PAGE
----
Then Paul ventured into new territory (Acts 16:6-10) with a company of helpers. These were not trained theologians from Jerusalem, but new disciples who joined Paul from the regions where he had previously ministered. It was this group of “national workers” who concluded “that the Lord had called us to preach the gospel to them” (Acts 16:10). It is national leaders and workers who are being immediately raised up to do the work! This team of indigenous workers came to Philippi and “stayed certain days” (Acts 16:12).
After laboring in a new region, when it was the right time, or out of constraint of persecution, Paul “departed” (Acts 16:40). We notice immediately that there is a strong group of believers confidently left behind!
. . . They met with the brothers and sisters and encouraged them. Then they left. (Acts 16:40)
Did he leave them “high and dry?” Not at all. Paul did not abandon these people in the city of Philippi – but apparently some of his traveling companions stayed behind to help them for a while. Nevertheless, the goal always remained the same, to establish the people of the region in the faith so that they could stand on their own, in their own real connection with Jesus.
Paul then came to Thessalonica (Acts 17:1-9) but he could not stay long. Shortly after he had come to this place Paul was forced to leave. Yet there was a church immediately established in that location, within only a few weeks’ time!
The apostle moved on to Athens, but sent word back that his fellow-workers should come and join him “as soon as possible” (Acts 17:15). The church in those locations is left to function on its own, under the care of the Holy Spirit! The pattern continues: local leadership is recognized and installed immediately. Within only a few months a church with local leadership was rapidly established in Philippi and in Thessalonica.
At Corinth again he desired to identify and establish local leaders – not to set himself up as the man in charge. Indigenous leadership was always his priority. In Corinth a work was initiated in cooperation with new residents of that city, Aquila and Priscilla! (Acts 18:1-3).
Jesus, appearing to Paul in the night by a vision, made it clear that He had many people in that city (Acts 18:9-10). The people belong to Jesus! Paul trusts that Jesus will take care of these new believers (1 Cor. 1:7-9).
Now here we recognize an example of Paul staying for an extended time in a particular location, but as he later writes to them, it was not to be the pastor or plant himself as the top dog here (1 Cor. 3:5-7), but rather to establish them. It was Paul’s hope that Corinth would become a jumping-off point from which to be sent forward to new fields (1 Cor. 16:6). But even the year and a half that he remained in Corinth is quite brief by modern standards when it comes to the time usually required to set up a church.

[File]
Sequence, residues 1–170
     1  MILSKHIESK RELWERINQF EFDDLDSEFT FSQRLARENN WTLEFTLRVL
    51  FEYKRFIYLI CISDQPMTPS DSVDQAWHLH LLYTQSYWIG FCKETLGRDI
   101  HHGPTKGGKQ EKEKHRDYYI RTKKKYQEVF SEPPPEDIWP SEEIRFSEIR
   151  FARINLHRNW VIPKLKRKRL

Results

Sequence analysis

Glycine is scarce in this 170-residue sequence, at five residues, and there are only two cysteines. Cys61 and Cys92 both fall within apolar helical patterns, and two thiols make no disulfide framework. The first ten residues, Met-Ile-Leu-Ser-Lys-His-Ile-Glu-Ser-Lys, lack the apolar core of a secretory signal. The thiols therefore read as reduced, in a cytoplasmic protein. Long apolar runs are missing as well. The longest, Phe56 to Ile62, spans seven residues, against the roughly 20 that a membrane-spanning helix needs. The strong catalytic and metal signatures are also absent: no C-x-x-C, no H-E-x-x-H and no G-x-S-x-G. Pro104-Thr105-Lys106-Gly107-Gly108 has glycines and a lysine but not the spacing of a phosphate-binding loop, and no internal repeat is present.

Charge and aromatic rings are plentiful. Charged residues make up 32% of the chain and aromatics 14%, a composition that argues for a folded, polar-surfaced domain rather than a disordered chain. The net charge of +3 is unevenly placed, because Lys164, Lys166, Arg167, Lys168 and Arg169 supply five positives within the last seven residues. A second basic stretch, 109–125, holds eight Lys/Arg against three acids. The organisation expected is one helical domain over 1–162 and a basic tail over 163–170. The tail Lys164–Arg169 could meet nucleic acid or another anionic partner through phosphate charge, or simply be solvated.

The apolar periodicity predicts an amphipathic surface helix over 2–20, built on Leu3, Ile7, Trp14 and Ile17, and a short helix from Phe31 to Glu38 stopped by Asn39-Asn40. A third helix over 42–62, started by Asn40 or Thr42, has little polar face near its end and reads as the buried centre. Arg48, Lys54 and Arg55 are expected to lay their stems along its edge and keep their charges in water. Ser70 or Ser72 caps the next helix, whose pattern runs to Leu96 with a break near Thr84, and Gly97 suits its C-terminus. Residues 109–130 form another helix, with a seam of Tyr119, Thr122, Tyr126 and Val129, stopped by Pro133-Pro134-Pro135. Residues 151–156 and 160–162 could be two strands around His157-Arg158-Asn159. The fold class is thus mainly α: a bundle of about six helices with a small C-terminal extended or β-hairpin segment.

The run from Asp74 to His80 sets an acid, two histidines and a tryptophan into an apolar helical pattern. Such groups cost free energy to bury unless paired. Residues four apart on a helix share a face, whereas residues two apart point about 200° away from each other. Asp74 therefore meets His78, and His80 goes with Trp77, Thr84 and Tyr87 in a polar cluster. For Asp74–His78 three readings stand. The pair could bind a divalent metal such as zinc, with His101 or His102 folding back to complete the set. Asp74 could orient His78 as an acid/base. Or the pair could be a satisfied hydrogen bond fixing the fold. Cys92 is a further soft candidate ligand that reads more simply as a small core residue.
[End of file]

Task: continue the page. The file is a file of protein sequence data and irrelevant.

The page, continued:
Paul left Corinth and went to Ephesus, accompanied by his new local friends, Aquila and Priscilla. Paul began to teach in the synagogue, as was his custom. We read: “When they asked him to spend more time with them, he declined” (Acts 18:20). Paul departed from Ephesus and these “national workers” were entrusted with beginning the new work in that major metropolis as Paul went forward on his journey to Jerusalem. Paul trusted the Lord to use national workers!
Third Missionary Journey
After “some time” Paul went on a circuit through places he had been before, again for the purpose of “establishing all the disciples” (Acts 18:23). He returned to the places God had been working and building the church with local leaders – places where Paul had not been for many months. The Holy Spirit had managed to keep those churches growing apart from the on-going presence of Paul.
Meanwhile, in Ephesus, a young believer named Apollos was being used of the Lord. This indigenous worker was identified and then given some training – “When Priscilla and Aquila heard him, they invited him to their home and explained to him the way of God more adequately” (Acts 18:26). Then without delay, this “youngster” was sent to minister in the Church of Achaia – that is Corinth (Acts 18:27-28).